Narrowing your topic to something manageable for the constraints of your speech is something that takes time, patience, and experience. One of the biggest mistakes that new public speakers make is not narrowing their topics sufficiently given the constraints. In the previous section, we started demonstrating how the narrowing process works, but even in those examples, we narrowed subject areas down to fairly broad areas of knowledge.
Think of narrowing as a funnel. At the top of the funnel are the broad subject areas, and your goal is to narrow your topic further and further down until just one topic can come out the other end of the funnel. The more focused your topic is, the easier your speech is to research, write, and deliver. So let’s take one of the broad areas from the art subject area and keep narrowing it down to a manageable speech topic. For this example, let’s say that your general purpose is to inform, you are delivering the speech in class to your peers, and you have five to seven minutes. Now that we have the basic constraints, let’s start narrowing our topic. The broad area we are going to narrow in this example is Middle Eastern art. When examining the category of Middle Eastern art, the first thing you’ll find is that Middle Eastern art is generally grouped into four distinct categories: Anatolian, Arabian, Mesopotamian, and Syro-Palestinian. Again, if you’re like us, until we started doing some research on the topic, we had no idea that the historic art of the Middle East was grouped into these specific categories. We’ll select Anatolian art, or the art of what is now modern Turkey.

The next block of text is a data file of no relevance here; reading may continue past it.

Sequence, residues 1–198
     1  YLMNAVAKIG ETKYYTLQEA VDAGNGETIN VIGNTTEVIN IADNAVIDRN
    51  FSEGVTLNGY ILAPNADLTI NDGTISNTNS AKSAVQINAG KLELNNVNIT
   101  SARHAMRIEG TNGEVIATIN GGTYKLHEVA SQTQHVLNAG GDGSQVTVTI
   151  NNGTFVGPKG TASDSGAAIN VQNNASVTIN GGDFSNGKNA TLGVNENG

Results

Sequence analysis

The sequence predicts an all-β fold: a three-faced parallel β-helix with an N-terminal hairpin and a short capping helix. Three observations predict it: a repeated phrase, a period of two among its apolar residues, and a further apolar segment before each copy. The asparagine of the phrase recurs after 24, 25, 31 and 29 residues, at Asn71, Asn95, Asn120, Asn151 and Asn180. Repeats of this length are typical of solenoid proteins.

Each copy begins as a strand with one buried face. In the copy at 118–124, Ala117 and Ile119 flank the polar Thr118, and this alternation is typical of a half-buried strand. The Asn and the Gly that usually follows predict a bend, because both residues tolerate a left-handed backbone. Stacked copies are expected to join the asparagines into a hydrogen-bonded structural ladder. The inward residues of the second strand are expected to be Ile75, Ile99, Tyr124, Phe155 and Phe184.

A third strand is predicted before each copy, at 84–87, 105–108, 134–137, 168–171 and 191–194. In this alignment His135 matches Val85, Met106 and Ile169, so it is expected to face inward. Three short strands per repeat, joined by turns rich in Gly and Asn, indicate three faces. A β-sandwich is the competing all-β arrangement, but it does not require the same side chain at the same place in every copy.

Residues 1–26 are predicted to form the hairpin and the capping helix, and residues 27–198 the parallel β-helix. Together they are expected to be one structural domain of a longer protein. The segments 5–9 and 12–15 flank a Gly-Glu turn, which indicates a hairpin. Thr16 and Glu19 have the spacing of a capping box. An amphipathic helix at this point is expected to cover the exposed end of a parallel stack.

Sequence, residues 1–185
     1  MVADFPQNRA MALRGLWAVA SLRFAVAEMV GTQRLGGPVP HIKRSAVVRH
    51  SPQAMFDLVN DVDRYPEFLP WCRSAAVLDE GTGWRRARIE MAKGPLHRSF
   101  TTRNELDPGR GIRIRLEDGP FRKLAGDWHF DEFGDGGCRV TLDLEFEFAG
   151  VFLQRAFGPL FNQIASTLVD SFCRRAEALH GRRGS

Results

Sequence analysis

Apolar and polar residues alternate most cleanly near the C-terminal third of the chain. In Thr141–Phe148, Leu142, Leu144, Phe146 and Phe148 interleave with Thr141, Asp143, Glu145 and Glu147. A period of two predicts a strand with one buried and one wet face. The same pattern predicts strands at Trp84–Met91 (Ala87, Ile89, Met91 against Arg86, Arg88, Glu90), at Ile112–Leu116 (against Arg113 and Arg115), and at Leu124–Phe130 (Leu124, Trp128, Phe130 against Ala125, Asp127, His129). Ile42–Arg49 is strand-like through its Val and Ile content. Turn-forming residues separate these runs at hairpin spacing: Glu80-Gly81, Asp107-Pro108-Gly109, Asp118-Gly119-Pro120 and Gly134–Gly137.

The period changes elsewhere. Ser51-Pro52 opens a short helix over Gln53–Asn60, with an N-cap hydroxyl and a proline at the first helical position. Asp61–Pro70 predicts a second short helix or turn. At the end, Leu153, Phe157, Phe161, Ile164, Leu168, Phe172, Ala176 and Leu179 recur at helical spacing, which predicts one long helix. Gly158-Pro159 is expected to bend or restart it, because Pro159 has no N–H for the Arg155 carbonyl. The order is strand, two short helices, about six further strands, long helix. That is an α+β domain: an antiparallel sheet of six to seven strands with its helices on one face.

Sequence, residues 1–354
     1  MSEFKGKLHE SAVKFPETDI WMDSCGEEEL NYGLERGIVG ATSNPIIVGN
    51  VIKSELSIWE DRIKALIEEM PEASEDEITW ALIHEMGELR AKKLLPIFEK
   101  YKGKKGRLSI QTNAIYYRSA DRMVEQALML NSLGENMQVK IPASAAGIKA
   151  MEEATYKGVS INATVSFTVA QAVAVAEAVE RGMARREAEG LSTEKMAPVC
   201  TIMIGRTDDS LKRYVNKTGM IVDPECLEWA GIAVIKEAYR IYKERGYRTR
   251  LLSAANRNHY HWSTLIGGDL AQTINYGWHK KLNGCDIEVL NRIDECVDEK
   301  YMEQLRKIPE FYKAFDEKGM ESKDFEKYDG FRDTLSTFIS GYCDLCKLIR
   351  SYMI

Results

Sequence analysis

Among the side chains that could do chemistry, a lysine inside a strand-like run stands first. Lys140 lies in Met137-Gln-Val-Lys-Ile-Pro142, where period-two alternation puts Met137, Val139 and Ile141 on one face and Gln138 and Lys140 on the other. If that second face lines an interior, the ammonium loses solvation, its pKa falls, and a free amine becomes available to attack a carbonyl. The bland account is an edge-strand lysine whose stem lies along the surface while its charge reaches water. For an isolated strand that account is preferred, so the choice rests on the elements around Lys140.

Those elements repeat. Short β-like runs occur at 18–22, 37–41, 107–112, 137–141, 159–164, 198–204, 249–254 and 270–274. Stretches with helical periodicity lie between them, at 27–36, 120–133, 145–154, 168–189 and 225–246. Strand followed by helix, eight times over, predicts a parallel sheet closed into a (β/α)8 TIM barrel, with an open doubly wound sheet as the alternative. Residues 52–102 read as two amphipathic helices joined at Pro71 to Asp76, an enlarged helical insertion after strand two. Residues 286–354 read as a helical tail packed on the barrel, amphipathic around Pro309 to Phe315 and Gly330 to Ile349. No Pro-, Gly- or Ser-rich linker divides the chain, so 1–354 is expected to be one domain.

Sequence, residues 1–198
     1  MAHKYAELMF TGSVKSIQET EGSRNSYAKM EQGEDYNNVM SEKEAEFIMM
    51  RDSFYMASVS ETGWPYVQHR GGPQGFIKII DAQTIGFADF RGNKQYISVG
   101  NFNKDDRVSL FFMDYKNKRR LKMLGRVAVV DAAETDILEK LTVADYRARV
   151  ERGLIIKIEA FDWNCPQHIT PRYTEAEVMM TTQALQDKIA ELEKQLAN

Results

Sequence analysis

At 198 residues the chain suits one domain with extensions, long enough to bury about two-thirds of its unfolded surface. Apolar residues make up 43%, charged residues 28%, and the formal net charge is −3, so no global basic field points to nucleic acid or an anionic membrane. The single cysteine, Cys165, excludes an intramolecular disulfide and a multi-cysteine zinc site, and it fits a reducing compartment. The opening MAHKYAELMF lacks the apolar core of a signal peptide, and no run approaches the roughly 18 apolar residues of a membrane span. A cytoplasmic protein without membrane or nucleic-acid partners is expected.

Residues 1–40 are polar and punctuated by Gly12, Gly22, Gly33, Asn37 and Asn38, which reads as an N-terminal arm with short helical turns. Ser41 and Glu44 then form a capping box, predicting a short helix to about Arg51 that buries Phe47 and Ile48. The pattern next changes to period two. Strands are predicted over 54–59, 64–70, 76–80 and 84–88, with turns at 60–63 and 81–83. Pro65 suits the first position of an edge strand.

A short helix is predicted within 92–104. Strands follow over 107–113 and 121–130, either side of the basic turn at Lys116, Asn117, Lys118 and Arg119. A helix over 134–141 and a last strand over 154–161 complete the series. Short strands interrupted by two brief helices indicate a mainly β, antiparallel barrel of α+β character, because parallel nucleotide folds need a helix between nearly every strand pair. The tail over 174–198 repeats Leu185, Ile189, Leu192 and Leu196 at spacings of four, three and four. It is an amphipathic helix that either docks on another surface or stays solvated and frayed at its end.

You may think that your topic is now sufficiently narrow, but even within the topic of Anatolian art, there are smaller categories: pre-Hittite, Hittite, Uratu, and Phrygian periods of art. So let’s narrow our topic again to the Phrygian period of art (1200–700 BCE). Although we have now selected a specific period of art history in Anatolia, we are still looking at a five-hundred-year period in which a great deal of art was created. One famous Phrygian king was King Midas, who according to myth was given the ears of a donkey and the power of a golden touch by the Greek gods. As such, there is an interesting array of art from the period of Midas and its Greek counterparts representing Midas. At this point, we could create a topic about how Phrygian and Grecian art differed in their portrayals of King Midas. We now have a topic that is unique, interesting, and definitely manageable in five to seven minutes. You may be wondering how we narrowed the topic down; we just started doing a little research using the Metropolitan Museum of Art’s website (http://www.metmuseum.org).
Overall, when narrowing your topic, you should start by asking yourself four basic questions based on the constraints discussed earlier in this section: